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Tuesday, 1 September 2009

In the developing world censorship causes journalists migraines. In the developed world governments have found an equally efficient method of stopping information from getting out, and it causes journalists there mere headaches, but it’s painful nonetheless. It’s called information control.

Requests for an interview are forgotten or deliberately delayed. Freedom of information requests are delayed by other deadlines. Sources in the police and government departments won’t talk, but refer you to a central media unit. Senior managers get reports from the field that you are asking questions, and move to intervene.

No wonder people are turning off the news, when the public sphere is inundated with news that merely conforms to a script. And news companies are struggling, which means there’s less money for in-depth reporting. This short-termism begets cynicism in the audience, who turn to other forms of entertainment, such as celebrity journalism.

Freelance photographers, for example, are doing it hard, according to an article on the NineMSN website. At the annual prize-giving do in Southern France, festival director Jean-Francois Leroy says that “The years 2008 and 2009 will be marked with a black cross in the history of photojournalism”.

Across the world newspapers and magazines are going out of business, hit by competition from free content on the internet and by a slump in advertising revenue during the broader economic crisis.

Photoreportage on conflicts like Iraq and Afghanistan is time consuming and costly, while offbeat subjects in far-flung exotic locales must compete for editors' attention with paparazzi celebrity journalism.

Leroy points, however, to some bright lights. This year, it is Italian photographer Massimo Berruti, who spent his own money to go into Pakistan “and came back with a report that will blow you away”.

In the world of video documentary there’s the story of Carmela Baranowska, who took a video camera into ‘Taliban Country’ while embedded with the US Marines in 2004. But Baranowska’s story is also one where we get to see authorities clamping down in the most defeating ways on journalistic freedom. Her footage is gripping, showing a local warlord working with Marines to discover hidden guns in a remote village. But to get footage, Baranowska was forced to abandon the protection of the military and find her own way into the conflict zones.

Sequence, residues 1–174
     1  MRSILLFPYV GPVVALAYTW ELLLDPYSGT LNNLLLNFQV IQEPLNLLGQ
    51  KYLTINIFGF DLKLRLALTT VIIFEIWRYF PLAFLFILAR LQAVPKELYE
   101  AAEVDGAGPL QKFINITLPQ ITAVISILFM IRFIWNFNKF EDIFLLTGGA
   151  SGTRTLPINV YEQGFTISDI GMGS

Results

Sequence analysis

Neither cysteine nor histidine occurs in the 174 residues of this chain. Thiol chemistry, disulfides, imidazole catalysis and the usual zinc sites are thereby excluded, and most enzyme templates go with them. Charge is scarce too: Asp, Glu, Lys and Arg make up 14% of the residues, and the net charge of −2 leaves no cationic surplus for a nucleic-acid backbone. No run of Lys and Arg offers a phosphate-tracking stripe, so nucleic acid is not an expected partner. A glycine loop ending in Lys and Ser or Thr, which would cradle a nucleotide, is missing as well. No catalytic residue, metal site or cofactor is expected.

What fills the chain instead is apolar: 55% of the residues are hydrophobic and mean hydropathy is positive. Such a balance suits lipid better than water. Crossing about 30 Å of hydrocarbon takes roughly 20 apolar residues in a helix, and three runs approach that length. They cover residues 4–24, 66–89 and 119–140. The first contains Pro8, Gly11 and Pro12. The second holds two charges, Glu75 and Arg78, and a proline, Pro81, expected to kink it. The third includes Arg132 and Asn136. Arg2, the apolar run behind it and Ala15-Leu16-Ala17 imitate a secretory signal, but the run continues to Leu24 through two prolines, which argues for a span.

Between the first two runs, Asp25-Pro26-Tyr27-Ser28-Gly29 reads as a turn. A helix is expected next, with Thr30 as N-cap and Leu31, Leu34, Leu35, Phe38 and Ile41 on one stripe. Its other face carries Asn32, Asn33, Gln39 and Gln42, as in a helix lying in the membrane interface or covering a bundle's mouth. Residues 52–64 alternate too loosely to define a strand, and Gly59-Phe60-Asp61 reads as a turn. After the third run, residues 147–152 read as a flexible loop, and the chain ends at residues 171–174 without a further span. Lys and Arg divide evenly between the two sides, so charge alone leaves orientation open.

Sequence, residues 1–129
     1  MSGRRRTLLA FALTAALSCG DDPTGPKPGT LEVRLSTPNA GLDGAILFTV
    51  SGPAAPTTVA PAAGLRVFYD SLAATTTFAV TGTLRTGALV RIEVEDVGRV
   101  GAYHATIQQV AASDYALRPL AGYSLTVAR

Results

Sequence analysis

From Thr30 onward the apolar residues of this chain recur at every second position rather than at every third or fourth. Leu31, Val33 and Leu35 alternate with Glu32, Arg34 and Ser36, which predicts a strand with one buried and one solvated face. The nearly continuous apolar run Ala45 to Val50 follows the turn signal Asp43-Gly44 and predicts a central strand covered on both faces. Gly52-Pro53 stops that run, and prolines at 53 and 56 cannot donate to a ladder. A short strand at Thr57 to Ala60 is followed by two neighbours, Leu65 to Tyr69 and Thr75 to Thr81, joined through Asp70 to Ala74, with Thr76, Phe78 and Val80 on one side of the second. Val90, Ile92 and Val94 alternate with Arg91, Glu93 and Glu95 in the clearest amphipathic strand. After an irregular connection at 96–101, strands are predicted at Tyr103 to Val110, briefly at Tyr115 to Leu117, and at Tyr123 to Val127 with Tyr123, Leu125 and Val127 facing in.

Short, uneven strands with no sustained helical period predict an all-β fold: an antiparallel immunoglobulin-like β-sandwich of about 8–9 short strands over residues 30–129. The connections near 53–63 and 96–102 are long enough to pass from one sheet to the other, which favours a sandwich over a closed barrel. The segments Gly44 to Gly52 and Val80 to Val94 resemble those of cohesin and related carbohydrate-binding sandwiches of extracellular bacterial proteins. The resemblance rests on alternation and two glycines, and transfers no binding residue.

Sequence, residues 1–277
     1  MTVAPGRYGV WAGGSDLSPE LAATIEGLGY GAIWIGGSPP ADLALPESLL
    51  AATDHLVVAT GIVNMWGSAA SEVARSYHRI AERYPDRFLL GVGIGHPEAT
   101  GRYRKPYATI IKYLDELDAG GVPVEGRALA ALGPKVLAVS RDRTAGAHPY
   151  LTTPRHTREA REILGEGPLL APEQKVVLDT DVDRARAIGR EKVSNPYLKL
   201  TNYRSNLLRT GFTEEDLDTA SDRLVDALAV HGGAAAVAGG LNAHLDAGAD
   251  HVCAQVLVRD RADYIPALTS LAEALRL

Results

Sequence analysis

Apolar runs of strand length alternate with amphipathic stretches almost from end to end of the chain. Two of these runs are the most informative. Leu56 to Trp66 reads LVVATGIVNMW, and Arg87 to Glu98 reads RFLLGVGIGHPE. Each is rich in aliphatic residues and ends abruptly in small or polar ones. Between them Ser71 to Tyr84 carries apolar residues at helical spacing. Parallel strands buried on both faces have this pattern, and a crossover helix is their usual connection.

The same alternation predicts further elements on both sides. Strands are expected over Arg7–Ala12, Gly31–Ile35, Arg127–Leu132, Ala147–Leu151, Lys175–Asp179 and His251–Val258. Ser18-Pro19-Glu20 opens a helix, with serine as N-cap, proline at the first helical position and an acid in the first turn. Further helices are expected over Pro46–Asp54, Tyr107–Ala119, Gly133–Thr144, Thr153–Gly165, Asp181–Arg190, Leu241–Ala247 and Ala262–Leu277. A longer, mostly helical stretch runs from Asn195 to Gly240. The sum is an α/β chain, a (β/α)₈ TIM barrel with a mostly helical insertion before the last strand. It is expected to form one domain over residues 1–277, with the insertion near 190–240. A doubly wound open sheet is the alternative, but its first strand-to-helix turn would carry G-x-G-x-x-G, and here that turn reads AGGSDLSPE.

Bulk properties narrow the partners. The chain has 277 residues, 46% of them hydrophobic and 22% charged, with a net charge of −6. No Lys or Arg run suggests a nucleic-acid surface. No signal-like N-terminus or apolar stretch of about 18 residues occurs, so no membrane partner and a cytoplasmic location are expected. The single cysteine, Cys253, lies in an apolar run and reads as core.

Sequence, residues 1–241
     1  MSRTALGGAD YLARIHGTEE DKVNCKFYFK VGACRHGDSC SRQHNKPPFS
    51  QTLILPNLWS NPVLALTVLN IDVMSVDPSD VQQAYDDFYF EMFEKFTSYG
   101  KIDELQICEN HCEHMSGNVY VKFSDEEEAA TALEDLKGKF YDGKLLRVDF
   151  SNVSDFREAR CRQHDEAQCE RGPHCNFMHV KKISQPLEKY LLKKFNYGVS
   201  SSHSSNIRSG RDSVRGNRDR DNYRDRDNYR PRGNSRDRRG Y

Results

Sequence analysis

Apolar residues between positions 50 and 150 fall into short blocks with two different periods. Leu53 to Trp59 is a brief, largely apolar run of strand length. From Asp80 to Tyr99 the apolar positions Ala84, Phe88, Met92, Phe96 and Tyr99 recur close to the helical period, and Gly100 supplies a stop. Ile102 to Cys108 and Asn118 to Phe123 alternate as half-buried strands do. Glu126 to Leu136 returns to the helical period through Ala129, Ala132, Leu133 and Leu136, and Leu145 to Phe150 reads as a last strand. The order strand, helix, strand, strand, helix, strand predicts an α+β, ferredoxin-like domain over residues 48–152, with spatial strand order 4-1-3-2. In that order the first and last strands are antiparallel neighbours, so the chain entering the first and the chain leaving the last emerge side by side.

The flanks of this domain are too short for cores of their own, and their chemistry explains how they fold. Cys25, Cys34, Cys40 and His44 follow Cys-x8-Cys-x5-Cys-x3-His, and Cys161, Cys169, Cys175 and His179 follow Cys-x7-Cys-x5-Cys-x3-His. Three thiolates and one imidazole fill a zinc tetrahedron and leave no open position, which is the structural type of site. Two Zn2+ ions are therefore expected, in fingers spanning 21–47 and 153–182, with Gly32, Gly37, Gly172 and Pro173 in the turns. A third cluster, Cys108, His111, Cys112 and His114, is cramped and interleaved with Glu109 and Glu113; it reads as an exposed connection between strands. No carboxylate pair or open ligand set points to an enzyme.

As a result she was quickly removed from Afghanistan, flown home, and quizzed strenuously by managers as SBS, who were embarrassed by her intransigence. They were more worried about their liability and spooked by the press coverage Baranowska had attracted, as she recounts in Overland Literary Journal.

I was extremely tired and very confused. Why all the fuss? I was back, I was alive, and I had broken a good story. But SBS was politically spooked. Management told me that the Department of Foreign Affairs and Trade (DFAT) had received an email from the US military complaining about my behaviour. What exactly did the email say? I never found out. But DFAT, ever the loyal US ally, set to work with bureaucratic precision. I later learned that DFAT was ringing SBS weekly to complain about me, something that only stopped shortly before I won a Walkley.

Baranowska won her Walkley Award in 2004. When she saw the small news item announcing the movement of Marines toward Afghanistan, she decided to do the story because she thought it would make good video.

Life is rarely like a film script but I knew enough, as a documentary filmmaker, to find an ‘embed’ with the marines extremely attractive. When one is filming, one needs to have material to film. The marines were the first to fight. They usually lived in the worst conditions, ate bad food and achieved more with less money. They were aggressive. They did things. In both a profound and a banal sense, they were photogenic.

The result is fabulous watching, but not only did she have to fight a controlling military, she also faced pressure from the people who sent her there, and the Australian government. She was an outcast, but she went on to win the prize. We are the richer for her entrepreneurship.

Meanwhile the news media are in a quandary. If they want to attract and keep viewers, they need compelling content. But to make it costs money. As a recent tweet in my feed said: “Yep @ireckon back to the business of producing content...and finding new ways to monetise..:>)”.

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